Published 4:28 pm, Monday, December 4, 2017
Anheuser-Busch InBev, one of the biggest beer companies in the world, is not regarded too kindly by craft brewers.
That's perhaps why the company opted to get creative when they issued a cease and desist to a small brewery in Minneapolis, Minn.
The Minnesota brewery, called Modist Brewing Company, had been selling a double IPA called "Dilly Dilly" — a knock on the recent Bud Light campaign wherein medieval monarchs toast while uttering (the copyrighted phrase) "dilly dilly" in unison.
AB InBev kept in theme with their message to Modist; rather than sending a traditional letter utilizing the force of their arsenal of lawyers, AB InBev sent a single, but very effective town crier to deliver the news.
"We are duly flattered by your loyal tribute, however, Dilly Dilly is the motto of our realm and so we humbly ask that you keep this to a limited-edition, one-time-only run," the crier shouted as he read text from a scroll. "Disobedience shall be met with additional scrolls, then a formal warning, and finally, a private tour of the Pit of Misery. Please send a raven, letter or electronic mail to let us know that you agree to this request."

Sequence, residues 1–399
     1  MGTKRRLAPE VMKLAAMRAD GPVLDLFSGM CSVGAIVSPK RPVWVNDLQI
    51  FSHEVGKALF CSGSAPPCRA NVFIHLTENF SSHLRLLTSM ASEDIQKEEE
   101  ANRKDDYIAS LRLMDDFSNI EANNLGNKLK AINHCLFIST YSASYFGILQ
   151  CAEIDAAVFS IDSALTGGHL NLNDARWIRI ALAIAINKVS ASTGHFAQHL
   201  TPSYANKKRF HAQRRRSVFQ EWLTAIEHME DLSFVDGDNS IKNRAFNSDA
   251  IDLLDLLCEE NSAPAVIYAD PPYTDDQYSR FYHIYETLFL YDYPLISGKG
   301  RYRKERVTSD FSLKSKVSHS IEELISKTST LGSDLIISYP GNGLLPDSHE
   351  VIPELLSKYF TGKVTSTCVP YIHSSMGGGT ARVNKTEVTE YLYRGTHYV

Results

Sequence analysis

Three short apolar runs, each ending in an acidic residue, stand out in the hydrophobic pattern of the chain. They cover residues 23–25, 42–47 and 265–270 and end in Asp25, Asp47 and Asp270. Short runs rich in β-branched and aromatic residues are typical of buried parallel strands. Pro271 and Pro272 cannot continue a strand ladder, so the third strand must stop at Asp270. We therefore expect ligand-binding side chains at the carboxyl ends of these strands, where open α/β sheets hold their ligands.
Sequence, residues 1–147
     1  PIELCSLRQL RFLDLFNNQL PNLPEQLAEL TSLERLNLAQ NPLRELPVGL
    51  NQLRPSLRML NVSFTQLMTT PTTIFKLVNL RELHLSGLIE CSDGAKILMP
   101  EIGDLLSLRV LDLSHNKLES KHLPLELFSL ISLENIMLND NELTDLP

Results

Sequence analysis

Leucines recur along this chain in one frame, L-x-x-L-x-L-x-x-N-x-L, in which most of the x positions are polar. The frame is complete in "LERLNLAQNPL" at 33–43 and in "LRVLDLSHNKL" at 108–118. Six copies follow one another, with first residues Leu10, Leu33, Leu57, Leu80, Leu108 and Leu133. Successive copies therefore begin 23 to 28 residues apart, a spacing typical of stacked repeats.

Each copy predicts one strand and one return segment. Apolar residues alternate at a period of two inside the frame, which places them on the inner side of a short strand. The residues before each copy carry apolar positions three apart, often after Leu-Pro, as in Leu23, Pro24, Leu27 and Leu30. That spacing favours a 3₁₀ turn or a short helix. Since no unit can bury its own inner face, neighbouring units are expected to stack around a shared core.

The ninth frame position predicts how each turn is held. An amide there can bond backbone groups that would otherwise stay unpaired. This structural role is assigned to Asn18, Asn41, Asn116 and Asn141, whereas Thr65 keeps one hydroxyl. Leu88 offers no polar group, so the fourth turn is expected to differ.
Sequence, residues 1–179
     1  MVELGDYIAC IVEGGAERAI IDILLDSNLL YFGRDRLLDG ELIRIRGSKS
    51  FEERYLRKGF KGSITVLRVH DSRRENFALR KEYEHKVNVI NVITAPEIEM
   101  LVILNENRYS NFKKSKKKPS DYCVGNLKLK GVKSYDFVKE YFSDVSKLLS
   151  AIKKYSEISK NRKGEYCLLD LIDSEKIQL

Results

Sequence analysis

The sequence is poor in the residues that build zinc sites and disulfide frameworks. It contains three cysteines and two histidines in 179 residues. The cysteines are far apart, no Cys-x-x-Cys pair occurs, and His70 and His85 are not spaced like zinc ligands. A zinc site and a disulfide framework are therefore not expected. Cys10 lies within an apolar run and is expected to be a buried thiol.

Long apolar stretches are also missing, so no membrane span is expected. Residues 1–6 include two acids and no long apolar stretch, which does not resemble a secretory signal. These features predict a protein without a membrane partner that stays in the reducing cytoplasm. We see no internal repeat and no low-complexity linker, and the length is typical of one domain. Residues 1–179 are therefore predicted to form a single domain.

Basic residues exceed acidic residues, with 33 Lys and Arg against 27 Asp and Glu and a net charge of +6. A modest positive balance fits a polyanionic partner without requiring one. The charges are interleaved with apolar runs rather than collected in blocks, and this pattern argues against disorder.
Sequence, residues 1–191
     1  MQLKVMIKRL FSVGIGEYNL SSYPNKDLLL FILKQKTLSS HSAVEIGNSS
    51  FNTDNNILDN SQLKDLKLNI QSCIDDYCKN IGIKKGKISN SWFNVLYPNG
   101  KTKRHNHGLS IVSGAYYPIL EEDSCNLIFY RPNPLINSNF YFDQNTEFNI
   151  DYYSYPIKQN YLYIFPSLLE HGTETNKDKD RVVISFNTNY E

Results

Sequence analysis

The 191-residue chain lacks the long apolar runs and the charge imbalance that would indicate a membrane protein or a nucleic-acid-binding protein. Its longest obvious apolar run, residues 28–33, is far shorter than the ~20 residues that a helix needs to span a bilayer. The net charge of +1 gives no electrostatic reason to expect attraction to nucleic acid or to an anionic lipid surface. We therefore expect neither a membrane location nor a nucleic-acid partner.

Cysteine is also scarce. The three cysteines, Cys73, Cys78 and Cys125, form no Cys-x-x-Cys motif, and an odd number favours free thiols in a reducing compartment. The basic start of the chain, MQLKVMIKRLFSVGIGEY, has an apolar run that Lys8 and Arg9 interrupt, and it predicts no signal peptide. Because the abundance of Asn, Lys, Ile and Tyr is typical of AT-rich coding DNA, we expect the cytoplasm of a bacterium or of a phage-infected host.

Modist's lawyer, Jeff O'Brien, told the local Star Tribune that he thought AB InBev handled what might have been an ugly situation in a "funny way."
"There's so many brewery names and beer names out there, and we try to resolve it short of suing each other," he said. "They did it in a funny way and protected their mark. I thought it was a really cool way of handling it."
Plus, for their troubles, AB InBev gifted the brewery two tickets for the next Super Bowl, which takes place in Minneapolis this February.
According to the Takeout, Modist has already changed the name of the beer to Coat Tails, but has hung the scroll on the wall.
Alyssa Pereira is an SFGATE staff writer. Email her at firstname.lastname@example.org or find her on Twitter at @alyspereira.